The Bobcats, the 12th-ranked team in NCAA Division 1 hockey, will play the first conference game of the year on Thursday, a seven-hour bus ride to St. Lawrence University in upstate New York for a New Year’s Eve tilt against the Saints.

“Having the four teams in our league make the games even more meaningful and competitive,” the 20-year-old Diliberatore said. “Hopefully they’ll mean more towards the end of the season and we get into the NCAA tournament. It’ll certainly make the season more interesting.”

The final game of the regular season is March 6. The four participating programs will then compete in a single-elimination championship March 18-20 with the winner earning a berth to the NCAA championship.

The blueprint of the conference schedule ensures each team doesn’t travel to the same site on a given day in order to minimize contact tracing. It also includes “open” weekends, which can be utilized in the event there are interruptions due to COVID-19.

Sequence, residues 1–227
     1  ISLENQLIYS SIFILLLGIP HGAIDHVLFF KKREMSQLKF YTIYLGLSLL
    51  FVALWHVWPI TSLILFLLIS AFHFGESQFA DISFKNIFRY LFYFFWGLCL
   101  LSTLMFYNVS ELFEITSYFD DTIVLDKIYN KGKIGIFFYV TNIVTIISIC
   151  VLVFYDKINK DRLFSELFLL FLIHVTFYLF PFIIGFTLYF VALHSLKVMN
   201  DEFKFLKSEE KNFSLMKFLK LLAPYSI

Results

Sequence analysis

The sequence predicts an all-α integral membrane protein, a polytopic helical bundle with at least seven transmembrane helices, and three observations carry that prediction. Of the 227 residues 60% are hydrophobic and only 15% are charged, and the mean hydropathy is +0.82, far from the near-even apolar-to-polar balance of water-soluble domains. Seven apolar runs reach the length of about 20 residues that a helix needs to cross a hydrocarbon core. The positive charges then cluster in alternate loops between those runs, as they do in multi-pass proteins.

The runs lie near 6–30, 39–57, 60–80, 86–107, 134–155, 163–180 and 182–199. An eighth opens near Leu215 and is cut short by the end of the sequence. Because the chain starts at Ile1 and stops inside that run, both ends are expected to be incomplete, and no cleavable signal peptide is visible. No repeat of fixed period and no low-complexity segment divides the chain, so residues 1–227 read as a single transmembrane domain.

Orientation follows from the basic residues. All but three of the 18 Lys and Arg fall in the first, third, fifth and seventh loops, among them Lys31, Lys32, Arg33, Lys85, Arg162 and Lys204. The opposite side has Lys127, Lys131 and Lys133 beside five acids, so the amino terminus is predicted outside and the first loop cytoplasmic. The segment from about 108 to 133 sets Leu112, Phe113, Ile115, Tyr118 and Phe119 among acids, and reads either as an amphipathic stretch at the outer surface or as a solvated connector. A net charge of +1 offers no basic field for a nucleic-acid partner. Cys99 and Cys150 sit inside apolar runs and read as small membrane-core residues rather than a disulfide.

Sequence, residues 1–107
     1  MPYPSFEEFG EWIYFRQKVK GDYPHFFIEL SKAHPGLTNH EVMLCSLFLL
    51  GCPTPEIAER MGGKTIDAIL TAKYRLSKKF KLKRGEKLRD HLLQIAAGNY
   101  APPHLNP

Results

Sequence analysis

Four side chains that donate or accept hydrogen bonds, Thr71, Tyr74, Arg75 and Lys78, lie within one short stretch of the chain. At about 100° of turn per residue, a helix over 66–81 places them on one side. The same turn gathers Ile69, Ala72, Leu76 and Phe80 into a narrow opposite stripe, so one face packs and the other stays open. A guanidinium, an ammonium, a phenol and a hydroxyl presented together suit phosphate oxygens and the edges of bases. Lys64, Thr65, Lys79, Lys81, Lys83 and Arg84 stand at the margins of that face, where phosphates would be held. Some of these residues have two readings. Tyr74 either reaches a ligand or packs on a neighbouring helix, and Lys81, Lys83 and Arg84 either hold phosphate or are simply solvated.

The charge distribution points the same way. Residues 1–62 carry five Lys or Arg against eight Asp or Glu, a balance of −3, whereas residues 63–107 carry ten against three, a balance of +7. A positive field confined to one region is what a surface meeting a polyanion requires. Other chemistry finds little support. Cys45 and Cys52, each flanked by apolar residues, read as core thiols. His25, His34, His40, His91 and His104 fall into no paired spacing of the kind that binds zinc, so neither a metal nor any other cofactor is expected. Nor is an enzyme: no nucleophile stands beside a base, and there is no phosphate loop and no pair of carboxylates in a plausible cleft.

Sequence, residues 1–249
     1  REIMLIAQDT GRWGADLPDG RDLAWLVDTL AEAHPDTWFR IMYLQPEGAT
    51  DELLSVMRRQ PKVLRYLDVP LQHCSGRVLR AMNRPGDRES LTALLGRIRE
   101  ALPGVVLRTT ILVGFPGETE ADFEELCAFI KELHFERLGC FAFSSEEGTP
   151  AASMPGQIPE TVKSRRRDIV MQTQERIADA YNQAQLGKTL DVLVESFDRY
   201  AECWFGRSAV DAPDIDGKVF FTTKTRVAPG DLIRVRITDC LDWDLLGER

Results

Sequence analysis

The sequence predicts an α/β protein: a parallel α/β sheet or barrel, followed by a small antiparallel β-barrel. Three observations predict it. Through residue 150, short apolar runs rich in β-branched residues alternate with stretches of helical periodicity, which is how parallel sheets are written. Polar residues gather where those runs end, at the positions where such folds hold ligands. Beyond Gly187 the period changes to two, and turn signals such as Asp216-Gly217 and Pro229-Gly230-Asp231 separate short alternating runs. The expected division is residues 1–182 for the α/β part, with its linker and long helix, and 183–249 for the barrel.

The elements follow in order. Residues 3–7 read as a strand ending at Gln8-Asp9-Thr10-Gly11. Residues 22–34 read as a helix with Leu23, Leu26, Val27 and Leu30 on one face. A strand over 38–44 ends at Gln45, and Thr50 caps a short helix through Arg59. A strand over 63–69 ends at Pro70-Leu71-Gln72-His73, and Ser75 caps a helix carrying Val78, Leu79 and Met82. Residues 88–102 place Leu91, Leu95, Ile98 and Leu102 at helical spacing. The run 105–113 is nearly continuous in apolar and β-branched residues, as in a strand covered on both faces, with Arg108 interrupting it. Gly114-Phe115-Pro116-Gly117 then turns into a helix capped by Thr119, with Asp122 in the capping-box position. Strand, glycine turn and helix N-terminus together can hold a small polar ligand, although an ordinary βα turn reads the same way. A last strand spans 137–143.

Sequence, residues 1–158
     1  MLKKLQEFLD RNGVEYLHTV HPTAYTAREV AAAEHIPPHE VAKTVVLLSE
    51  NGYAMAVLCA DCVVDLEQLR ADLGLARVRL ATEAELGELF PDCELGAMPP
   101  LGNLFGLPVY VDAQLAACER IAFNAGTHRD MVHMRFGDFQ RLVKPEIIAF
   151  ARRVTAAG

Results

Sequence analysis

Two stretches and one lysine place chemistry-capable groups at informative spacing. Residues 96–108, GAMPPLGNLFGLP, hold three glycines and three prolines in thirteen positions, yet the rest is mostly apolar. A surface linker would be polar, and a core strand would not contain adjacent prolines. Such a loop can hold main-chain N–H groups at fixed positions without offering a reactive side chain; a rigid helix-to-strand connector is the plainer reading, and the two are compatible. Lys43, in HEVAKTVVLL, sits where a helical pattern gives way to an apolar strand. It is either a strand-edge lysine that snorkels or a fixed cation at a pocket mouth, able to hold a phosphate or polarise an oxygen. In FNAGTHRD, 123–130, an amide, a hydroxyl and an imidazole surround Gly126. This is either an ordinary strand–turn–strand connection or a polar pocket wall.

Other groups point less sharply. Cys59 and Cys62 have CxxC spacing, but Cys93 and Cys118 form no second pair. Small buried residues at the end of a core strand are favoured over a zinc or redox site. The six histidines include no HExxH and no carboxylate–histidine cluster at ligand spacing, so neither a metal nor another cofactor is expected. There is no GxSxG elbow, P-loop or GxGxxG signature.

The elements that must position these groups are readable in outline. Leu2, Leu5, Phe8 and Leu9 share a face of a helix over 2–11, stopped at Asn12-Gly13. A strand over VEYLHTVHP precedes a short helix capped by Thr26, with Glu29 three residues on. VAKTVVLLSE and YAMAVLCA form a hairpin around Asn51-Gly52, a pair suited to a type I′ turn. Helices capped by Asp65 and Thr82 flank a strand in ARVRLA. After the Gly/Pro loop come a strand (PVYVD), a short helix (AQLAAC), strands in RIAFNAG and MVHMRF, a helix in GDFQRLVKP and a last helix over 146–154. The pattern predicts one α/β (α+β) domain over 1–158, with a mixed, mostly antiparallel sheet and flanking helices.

Extensive protocols and standards must be met by each program in order to compete safely.

“We are getting tested three times a week,” Diliberatore said. “They’re doing a phenomenal job in keeping us safe. We need to wear masks in the locker room and in the weight room. They’re being cautious. We have a good system set up for us to continue to play.”

To get ready for the upcoming season, Quinnipiac played eight non-conference games in 14 days (its last game was Sunday in Springfield, Mass., against American International College) in December.

Peter Diliberatore, a sixth-round NHL draft pick by the Vegas Golden Knights in 2018, enters his junior season at Quinnipiac as an assistant captain.  Rob Rasmussen / QUINNIPIAC
Peter Diliberatore, a sixth-round NHL draft pick by the Vegas Golden Knights in 2018, enters his junior season at Quinnipiac as an assistant captain. Rob Rasmussen / QUINNIPIAC